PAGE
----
Ocean acidification sometimes has been called the “evil twin” of climate change, with the increasing amount of carbon dioxide dissolved in oceans leading to more acidic seawater that is harmful to many kinds of marine life.
However, as Sarah Cooley works to encourage progress in Congress and elsewhere in understanding and dealing with ocean acidification, she tries to keep the issue away from the “partisan divide around action on carbon dioxide” and away from the visceral reaction, pro or con, that she says some people have when they hear the words “climate change.”
Cooley, director of the ocean acidification program for the Ocean Conservancy, says that she and her colleagues have seen significant progress and bipartisan support in Congress for action on ocean acidification over the past several years. She says that much of this progress has resulted from focusing on the human dimension of the impact of acidification and on place-based threats and solutions for coastal communities and their economies while staying rooted in the science and away from “climate partisanship.”
This morning, Cooley is presenting a poster at AGU’s Fall Meeting 2018 about the topic. Her poster offers insight about developing congressional ocean acidification champions: members of Congress on both sides of the political aisle who are willing to take a stance on doing something about ocean acidification.
For example, these champions could be involved by introducing or cosponsoring legislation or supporting increasing appropriation levels for research and monitoring measures, Cooley said. “It’s been really gratifying that members of Congress ‘get it,’ no matter the political spectrum they’re on, because they understand that their communities are fundamentally dependent on healthy oceans and acidification could really disrupt that.”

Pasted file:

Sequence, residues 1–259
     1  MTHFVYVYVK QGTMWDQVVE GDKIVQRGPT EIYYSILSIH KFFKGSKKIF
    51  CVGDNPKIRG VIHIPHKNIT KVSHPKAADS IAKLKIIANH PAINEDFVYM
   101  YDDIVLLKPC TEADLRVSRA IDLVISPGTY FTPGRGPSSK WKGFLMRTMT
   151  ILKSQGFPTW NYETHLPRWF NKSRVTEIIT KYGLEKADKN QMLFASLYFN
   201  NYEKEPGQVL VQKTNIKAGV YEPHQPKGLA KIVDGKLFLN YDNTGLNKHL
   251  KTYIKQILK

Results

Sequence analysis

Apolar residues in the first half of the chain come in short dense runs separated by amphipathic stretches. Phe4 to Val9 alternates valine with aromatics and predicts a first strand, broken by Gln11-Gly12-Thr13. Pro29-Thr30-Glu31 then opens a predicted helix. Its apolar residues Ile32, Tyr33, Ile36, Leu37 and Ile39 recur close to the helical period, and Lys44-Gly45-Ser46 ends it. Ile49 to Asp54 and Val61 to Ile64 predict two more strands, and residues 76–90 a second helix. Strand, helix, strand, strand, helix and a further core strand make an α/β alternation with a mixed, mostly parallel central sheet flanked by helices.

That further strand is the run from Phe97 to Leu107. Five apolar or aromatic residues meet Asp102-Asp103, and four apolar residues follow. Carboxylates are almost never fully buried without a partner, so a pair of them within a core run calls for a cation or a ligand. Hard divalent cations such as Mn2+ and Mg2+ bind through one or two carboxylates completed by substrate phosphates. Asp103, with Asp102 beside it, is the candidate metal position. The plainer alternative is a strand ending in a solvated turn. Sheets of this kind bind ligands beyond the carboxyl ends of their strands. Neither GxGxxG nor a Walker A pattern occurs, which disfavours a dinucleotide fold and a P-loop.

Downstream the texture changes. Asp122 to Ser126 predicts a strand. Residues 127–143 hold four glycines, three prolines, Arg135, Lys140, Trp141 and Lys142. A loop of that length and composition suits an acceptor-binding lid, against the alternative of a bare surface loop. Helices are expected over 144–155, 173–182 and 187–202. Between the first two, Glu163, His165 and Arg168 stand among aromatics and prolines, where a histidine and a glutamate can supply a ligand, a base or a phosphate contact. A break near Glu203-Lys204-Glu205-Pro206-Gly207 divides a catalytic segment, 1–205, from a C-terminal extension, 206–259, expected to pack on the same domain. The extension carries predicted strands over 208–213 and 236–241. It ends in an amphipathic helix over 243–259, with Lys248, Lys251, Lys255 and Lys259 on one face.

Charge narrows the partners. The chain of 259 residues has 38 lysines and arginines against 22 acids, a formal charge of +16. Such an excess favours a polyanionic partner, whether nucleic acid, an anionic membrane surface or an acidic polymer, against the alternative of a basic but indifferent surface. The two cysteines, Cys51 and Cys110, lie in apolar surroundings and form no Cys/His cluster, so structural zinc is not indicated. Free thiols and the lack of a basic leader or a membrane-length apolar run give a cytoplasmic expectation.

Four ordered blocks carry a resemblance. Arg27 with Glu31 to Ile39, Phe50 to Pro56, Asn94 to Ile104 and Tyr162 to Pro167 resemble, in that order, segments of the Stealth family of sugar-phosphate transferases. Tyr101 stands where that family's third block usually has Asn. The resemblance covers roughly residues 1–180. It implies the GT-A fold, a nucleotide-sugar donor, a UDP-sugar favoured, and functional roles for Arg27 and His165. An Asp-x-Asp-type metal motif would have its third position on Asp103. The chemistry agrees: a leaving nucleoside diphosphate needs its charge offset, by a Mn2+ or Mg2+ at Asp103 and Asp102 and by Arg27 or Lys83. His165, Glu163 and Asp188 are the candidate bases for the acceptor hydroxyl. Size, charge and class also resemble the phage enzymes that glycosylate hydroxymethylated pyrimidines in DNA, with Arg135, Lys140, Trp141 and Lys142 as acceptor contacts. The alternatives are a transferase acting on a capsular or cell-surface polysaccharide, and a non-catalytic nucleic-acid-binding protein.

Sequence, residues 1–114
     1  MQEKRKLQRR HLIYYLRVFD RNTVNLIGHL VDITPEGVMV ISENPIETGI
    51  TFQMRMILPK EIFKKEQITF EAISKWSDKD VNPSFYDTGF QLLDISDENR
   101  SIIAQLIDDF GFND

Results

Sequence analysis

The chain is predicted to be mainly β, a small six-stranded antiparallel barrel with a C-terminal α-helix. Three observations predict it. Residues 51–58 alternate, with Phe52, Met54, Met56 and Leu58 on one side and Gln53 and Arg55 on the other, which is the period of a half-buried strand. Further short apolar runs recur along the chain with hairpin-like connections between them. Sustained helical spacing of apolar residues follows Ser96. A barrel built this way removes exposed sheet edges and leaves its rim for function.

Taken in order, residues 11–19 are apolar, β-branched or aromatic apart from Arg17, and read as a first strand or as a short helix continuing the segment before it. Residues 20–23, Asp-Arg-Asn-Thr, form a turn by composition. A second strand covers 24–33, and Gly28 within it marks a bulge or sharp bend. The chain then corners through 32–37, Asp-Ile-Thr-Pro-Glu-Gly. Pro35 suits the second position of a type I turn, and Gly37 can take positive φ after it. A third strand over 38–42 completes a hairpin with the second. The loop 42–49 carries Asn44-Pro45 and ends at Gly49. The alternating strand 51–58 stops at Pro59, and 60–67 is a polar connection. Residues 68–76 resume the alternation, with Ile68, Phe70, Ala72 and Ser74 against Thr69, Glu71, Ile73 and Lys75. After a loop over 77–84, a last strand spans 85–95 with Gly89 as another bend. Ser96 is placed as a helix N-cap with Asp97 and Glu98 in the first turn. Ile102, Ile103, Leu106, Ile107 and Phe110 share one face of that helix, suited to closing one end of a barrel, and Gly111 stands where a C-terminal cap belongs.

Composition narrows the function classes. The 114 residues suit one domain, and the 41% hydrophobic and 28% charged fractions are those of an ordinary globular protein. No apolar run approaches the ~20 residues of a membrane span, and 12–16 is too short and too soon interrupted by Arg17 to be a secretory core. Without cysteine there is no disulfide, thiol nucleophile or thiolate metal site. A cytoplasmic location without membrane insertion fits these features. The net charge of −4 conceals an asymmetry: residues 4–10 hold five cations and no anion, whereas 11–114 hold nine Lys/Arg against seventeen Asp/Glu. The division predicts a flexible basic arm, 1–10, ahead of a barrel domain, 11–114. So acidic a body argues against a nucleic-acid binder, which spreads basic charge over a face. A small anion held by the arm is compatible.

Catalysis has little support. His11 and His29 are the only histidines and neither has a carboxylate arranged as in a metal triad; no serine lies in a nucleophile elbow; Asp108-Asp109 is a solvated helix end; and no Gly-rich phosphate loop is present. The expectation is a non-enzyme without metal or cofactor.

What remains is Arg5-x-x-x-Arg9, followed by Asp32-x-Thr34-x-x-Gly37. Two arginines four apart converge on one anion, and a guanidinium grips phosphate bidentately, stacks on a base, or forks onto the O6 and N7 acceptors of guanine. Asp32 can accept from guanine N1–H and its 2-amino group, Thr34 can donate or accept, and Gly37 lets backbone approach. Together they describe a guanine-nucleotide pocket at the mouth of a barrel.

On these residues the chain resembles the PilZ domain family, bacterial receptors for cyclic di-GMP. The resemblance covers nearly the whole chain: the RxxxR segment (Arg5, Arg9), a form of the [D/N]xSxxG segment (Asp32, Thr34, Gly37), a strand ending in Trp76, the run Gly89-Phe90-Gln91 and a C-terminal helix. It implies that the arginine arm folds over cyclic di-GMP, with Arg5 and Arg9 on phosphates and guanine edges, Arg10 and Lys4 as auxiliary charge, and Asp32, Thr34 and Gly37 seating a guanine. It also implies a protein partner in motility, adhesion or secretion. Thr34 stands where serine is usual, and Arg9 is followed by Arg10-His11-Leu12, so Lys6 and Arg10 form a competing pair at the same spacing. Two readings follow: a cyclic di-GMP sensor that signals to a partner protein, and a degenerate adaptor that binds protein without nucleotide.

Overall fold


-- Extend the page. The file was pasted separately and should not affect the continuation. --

Taking a Stand
The Ocean Conservancy, a nonprofit based in Washington, D. C., counts more than 100 champions in the current 115th Congress. Among them are Rep. Suzanne Bonamici (D-Oreg.) and Rep. Bill Posey (R-Fla.), who in July introduced the Coastal and Ocean Acidification Stressors and Threats Research Act (H.R. 6267), and Rep. Ileana Ros-Lehtinen (R-Fla.), who sponsored the Conserving Our Reefs and Livelihoods Act of 2016.
Members of Congress have also supported appropriations for the National Oceanic and Atmospheric Administration’s Ocean Acidification Program, whose budget has increased from $6 million in fiscal year (FY) 2013 to $11 million in FY 2018, and for funding the Integrated Ocean Observing System, which received a $35 million appropriation for FY 2018.
These and other investments in research and monitoring “have cracked open our understanding of the broad-brush implications of acidification,” said Cooley, a self-declared “carbon cycle nerd” who has a doctorate in chemical oceanography from the University of Georgia.
“We’re zeroing in on some of the ecosystem implications at a much more detailed level than we were able to do 10 years ago when federal funding streams really began,” she explained.
A Useful Case Study for Political Action
Cooley said although there is also a much better handle on how acidification is progressing in coastal and offshore regions, there is still a long way to go to understanding how the changes in the water translate into impacts on ecosystems and marine species, as well as on human communities.
Despite these challenges, she said that ocean acidification “provides a case study of a way that we can drive forward bipartisan action on an environmental issue.” She added that the ocean acidification issue could even serve as an “on-ramp” for some members of Congress to become involved with broader climate change issues.
For instance, she noted that a number of Congress members who have been involved in the acidification issue went on to become members of the House bipartisan Climate Solutions Caucus.
—Randy Showstack (@RandyShowstack), Staff Writer